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Monday, November 23, 2020

Luke 19:1-10 Unraveling that Which Binds Us


Luke 19:1-10

            I am not a tall person. While my husband is about six feet tall, and none of our three kids are under 5’10”, I barely come in at 5’3”so I am used to people towering over me. It happens all the time in my own home! While I wouldn’t consider being 5’3” terribly short, and I wouldn’t consider myself a “wee little woman,” I do know something about how hard it can be to see if there is a large crowd of people gathered and I am sitting or standing way in the back, where my husband prefers to hang out.

It means that I miss a lot of the action. It means that oftentimes it is as difficult to hear as it is to lay my eyes on whatever is happening at the front of the crowd. It means that I have a permanent crick in my neck from trying to see around people when at the movies, a play, or other public events.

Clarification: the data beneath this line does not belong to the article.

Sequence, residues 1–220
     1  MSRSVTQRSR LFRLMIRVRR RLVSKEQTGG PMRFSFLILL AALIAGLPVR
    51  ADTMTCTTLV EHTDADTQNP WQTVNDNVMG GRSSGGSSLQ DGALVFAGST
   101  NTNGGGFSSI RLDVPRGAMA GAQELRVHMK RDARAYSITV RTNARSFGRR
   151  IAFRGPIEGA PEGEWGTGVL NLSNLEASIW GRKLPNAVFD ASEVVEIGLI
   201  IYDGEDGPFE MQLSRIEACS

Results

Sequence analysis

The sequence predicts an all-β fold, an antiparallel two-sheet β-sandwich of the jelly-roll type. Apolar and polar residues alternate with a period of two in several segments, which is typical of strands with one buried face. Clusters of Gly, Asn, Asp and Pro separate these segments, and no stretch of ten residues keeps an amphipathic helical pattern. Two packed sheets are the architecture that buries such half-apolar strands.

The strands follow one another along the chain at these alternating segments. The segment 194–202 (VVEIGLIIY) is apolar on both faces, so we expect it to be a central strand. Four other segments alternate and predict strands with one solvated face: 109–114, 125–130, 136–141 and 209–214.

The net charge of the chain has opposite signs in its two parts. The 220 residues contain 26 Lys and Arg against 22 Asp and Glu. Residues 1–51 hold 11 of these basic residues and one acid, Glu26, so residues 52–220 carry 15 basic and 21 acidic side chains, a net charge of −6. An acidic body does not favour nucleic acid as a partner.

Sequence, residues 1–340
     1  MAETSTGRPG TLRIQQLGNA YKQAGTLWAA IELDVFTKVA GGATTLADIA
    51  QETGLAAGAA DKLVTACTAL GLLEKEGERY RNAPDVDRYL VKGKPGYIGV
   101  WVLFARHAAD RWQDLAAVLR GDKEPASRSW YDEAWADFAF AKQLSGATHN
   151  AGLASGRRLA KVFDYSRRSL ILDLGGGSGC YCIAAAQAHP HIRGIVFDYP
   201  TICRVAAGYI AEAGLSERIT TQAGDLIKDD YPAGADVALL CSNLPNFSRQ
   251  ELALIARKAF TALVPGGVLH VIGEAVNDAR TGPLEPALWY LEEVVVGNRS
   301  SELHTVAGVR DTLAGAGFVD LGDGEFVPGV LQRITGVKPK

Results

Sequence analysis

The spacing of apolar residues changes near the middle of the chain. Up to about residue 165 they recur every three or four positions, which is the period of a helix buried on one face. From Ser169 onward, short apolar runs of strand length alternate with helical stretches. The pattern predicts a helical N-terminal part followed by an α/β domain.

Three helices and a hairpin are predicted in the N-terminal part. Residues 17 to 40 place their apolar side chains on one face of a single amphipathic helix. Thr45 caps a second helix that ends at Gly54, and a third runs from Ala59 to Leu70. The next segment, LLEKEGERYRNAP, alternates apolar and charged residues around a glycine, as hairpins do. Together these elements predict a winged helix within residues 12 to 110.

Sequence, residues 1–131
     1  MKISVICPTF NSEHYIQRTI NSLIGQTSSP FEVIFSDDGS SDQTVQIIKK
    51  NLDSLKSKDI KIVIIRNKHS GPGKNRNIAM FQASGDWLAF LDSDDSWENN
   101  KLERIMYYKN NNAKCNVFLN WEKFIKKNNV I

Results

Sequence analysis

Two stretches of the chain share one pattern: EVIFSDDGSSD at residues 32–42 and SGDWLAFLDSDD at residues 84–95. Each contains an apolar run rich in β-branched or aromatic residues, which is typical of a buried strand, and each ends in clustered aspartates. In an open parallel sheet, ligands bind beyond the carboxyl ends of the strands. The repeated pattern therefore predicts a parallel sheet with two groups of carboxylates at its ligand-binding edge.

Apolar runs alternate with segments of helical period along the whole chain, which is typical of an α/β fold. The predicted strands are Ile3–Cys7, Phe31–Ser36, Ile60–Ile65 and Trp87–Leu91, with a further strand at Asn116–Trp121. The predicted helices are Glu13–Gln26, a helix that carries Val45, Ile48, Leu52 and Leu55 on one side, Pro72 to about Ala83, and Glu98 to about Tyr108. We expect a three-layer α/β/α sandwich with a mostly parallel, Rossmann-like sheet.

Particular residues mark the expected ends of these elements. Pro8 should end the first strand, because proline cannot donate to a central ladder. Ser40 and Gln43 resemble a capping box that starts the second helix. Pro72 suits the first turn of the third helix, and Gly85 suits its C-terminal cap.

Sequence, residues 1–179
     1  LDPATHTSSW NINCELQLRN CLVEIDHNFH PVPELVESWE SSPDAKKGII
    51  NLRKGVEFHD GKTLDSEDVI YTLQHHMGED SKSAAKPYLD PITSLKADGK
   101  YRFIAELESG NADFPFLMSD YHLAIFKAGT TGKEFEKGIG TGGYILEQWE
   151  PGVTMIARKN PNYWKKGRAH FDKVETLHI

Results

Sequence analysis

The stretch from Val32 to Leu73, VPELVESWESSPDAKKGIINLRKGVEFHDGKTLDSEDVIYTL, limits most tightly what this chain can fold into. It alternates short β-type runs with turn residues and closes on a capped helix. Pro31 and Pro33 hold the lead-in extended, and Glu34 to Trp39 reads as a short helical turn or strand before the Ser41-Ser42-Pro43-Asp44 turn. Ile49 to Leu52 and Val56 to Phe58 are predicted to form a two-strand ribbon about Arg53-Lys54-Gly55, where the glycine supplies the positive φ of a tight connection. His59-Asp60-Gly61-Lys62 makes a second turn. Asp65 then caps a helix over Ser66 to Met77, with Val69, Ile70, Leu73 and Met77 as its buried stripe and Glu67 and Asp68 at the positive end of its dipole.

Therefore, I understand Zacchaeus’ dilemma. He has heard that Jesus is passing through Jericho. And, he wants to see this man he has heard so much about.

All around town stories have been spreading about this itinerant rabbi who has been traveling the countryside curing diseases, and healing people’s lameness, and driving out demons. Perhaps Zacchaeus has heard stories of Jesus reaching out to people no one ever even noticed before. Maybe he has heard that Jesus speaks of a radically loving and forgiving God who has transformed the lives of many a sinner along the way.